It had been a while since I'd seen the girl sitting to my left at the wedding reception last summer. She didn't know that the guy to my right was one of my best friends, that we'd been close since the days of doing math homework together in middle school. I can see now how our comfort level might have been misread, but at the time, it didn't occur to me that she would think anything of our relationship. When she revealed that she'd been under the impression we were married, I was stunned. "And you weren't drinking," she explained, "so ..."
It was true I'd been waving away the waiters as they tried to fill my glass, ultimately telling them that they could just take it away. But pregnancy was not the issue. This was, instead, the first wedding at which I was determined not to drink.
I never aspired to be a party girl. I was the girl who went to a coffee shop in Amsterdam and ordered coffee, the girl who could win the game "Never Have I Ever" by ending the sentence with "smoked a cigarette." I didn't drink more than my peers on average, but starting in college, I would sometimes wake up unable to remember the previous night, as if the gentlemen from "Men in Black" had paid me a visit. I'd worry that I said something I shouldn't have, did something I shouldn't have, kissed someone I shouldn't have. I'd cry and call my friends and talk through everything that had happened.
The words "blacking out," I have learned, can conjure up an image of behavior inconsistent with my own. I wasn't raging every night and never had any desire to. I might have uttered the phrase "I need a drink" after a long day, but I didn't need a drink. I was a social drinker whose body happened to react to a certain amount of alcohol in a very specific way. I could go to dinner and have a glass of wine without consequence. But a long night spent at a bar or party -- the kind of night where you don't think about how many refills you've had amid all the other activity -- could leave me with no recollection of what had transpired.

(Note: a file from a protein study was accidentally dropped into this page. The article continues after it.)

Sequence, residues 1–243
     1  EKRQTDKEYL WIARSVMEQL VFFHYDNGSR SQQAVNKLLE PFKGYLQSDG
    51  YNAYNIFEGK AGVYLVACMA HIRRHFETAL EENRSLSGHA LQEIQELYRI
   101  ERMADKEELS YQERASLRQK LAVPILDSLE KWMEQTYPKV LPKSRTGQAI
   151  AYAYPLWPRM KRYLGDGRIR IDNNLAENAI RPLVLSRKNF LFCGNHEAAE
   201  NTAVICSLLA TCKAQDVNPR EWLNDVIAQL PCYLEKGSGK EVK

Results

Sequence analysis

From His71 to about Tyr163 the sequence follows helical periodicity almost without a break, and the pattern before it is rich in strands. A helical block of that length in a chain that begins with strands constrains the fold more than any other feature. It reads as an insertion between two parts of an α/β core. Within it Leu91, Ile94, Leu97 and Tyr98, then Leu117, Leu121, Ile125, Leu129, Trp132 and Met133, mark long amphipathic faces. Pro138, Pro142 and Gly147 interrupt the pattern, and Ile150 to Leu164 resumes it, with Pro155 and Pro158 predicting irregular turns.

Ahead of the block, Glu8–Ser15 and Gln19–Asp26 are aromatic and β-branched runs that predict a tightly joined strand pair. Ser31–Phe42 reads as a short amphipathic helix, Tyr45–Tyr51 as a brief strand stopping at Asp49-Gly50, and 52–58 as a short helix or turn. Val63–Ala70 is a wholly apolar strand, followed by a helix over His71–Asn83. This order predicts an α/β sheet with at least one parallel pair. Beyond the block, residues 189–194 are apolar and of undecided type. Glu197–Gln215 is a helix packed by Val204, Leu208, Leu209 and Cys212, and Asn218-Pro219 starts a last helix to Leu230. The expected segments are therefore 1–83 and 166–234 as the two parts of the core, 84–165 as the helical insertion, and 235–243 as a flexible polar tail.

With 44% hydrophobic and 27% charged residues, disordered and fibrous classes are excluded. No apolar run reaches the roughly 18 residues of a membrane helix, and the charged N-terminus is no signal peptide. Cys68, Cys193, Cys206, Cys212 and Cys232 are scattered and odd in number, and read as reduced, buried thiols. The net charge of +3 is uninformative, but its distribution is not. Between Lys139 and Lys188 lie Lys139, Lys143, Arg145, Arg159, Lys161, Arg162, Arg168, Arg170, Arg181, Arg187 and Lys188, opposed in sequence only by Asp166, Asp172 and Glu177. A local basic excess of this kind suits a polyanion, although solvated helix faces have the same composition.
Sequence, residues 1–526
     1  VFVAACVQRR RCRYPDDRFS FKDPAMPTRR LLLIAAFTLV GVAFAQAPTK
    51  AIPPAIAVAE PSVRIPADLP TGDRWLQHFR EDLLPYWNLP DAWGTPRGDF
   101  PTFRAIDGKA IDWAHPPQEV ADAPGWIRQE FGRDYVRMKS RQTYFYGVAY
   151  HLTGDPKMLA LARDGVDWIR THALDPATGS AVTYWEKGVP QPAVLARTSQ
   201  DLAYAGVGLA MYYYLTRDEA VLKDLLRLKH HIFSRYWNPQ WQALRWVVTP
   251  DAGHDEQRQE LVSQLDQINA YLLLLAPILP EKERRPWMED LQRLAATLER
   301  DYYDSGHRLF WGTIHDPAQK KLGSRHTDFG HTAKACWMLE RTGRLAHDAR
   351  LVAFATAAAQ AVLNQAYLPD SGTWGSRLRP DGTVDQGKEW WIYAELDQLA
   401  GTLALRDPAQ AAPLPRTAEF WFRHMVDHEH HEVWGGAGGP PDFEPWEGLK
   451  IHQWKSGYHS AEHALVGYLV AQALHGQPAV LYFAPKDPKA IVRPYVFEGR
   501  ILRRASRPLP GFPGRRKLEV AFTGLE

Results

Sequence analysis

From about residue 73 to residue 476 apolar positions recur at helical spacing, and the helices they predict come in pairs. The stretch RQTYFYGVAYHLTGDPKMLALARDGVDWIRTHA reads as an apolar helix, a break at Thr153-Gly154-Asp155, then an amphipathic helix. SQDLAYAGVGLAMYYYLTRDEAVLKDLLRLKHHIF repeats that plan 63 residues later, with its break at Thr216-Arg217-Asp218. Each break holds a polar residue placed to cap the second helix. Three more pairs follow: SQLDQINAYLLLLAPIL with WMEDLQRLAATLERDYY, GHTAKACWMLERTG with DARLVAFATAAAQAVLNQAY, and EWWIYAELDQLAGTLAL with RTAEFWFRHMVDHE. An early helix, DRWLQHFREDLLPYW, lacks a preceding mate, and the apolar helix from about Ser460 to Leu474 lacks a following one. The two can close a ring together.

Even scarier, perhaps, was that my behavior and my condition didn't always match. I might not have known what I was doing, but those around me didn't necessarily know that I didn't know what I was doing. I might seem tipsy or even drunk because, yes, I'd been drinking, but I could still have a conversation that didn't raise red flags.
The whole thing mystified me until I read this in the New York Times last year:
Blackouts tend to start at blood alcohol levels of at least 0.15 percent, about twice the legal limit for driving, especially when a person hits that level quickly. When alcohol floods the hippocampus -- a brain region that records our lives as they unfold -- neurons stop talking to each other and capturing memories, said Aaron White, a researcher with the National Institute on Alcohol Abuse and Alcoholism.